Common Reasons Why Windows Break & Crack

Spotting a crack in one of your windows can be alarming. Windows perform an important role in the way your home functions so any defect can be concerning. It isn’t just their appearance that is compromised, but their ability to insulate as well as their safety and security. 

Beyond the dread of having to source replacements, a broken window can often inspire curiosity, confusion and frustration. It’s hard not to wonder how it came to be broken and how you can stop it from happening again?

Sometimes the cause is obvious, a football that misses its goal, or a heavy-handed close. Other times, a crack can seem to appear spontaneously which is even more concerning.

In this article, we’ll look at the common causes of broken windows. We’ll explore why they happen and how to identify the exact cause of each crack.

These tips might be a bit late for a window that is already broken, but they’ll help you identify the cause and hopefully stop it from happening again.


A stress crack is usually simple to spot, as it is unlikely to completely shatter the window. 

It will usually start off small, somewhere near the edge of the window (often near a corner). If ignored, stress cracks will continue to grow across the surface of the windowpane. 

The most likely cause of a stress crack is extreme temperature changes. This could be between the inside and outside of the window, but can also happen across two portions of a window surface. 

Stress cracks can often happen during winter. When it’s frosty outside and you crank the central heating up high, a sudden difference between indoor and outdoor temperatures on the glass can cause the panes to crack.

This difference in heat could also happen across the same window surface. For example, if part of your window is in shade due to an overhanging roof or a large tree, while the other part is exposed to full sun. If this happens over prolonged periods (or if it suddenly changes) this will weaken the glass until it shatters.

Another cause for these window breaks is physical stress. If you slam your window shut too hard for example, this can cause the window to crack. It can also happen with badly fitted sash windows – if the mechanism fails, gravity can slam them shut and crack the pane.


Unfortunately, this is one of the most common causes of a broken window. This cause is completely unpredictable (and usually unavoidable except in hindsight) so it’s only getting a brief mention on this list.

If the pane is still intact, you can usually tell this type of breakage from the way the glass has broken. All the cracks will radiate from a central point where the impact happened. 

If you are unlucky enough to have a cracked window caused by an impact, don’t assume it’s caused by a human and try to place blame. As well as large projectiles like balls, this type of break can be caused by chips flying up from passing cars and even unsuspecting birds.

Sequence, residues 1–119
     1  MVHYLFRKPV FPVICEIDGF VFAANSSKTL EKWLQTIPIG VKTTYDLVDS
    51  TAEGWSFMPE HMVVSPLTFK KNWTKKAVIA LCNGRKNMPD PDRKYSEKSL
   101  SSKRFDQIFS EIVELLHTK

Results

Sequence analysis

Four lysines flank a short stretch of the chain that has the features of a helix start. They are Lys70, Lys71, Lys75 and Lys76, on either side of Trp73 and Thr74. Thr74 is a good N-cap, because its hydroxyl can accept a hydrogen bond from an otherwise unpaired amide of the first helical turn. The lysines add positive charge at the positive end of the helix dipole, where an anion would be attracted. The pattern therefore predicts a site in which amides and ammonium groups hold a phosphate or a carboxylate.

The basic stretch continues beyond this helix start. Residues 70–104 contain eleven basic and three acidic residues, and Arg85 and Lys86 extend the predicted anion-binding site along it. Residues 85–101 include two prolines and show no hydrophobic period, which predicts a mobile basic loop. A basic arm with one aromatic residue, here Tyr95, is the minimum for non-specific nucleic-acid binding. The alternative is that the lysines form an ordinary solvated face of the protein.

Sometimes a window may seem to spontaneously break when it is actually the result of a long period of gradual weakening. This is more common among low quality or poorly installed windows. It may seem unexpected, but this type of window breakage is a long time in the making. 

There are many different reasons that the glass could weaken. The first is age. However strong modern glass is, it will still weaken over decades – and single pane glass that is not made to modern standards will already be at a strength disadvantage. Age-weakened windows will usually have served a long life already though and replacing them is necessary to protect the energy efficiency of your home.

The shape of a windowpane will also affect its strength. A square window will have a consistent spread of weight across the pane whereas tall or narrow windows will have more intense stress on the shorter edges. Buying high-quality windows with toughened glass should address this issue though, and you can still expect a decent lifespan from windows of this shape.

Similarly, large windows will weaken quicker than standard-sized windows. This is something to bear in mind anytime you install an exceptionally big window.

Another reason for weakened windows is if they are stored, handled or transported incorrectly. Even if they look fine when installed, any scratches or chips at the edges of the window will affect the integrity of the whole window in the long term. 


As well as improper storage and transportation, improper installation can seriously damage the integrity of your windows and cause window breaks later down the line.

This is because incorrect installation can affect the pressure of the glass. Installing double or triple glazed windows at high or low elevations can also create pressure cracks.

Pressure cracks are caused by an inconsistency between the pressure outside the window and the gas that sits between the panes to provide insulation. A similar pressure problem can be caused if there are dramatic pressure changes in the weather system, though this is completely out of your control. 

You can usually spot a pressure crack because it will follow a curved shape, similar to the outline of an hourglass. 

While there are a number of reasons why windows break, there is usually one outcome – your windows will need replacing. Whether you’re choosing to replace timber windows or aluminium ones, one way to make sure you don’t have to repeat the process again a few months later is to make sure get high-quality replacements.
Our replacement windows come with extensive guarantees including a 5-year guarantee on the glass used in JELD-WEN windows. This means you won’t have to worry about cracks in your panes for years to come. Contact us today to get a quote and find out more.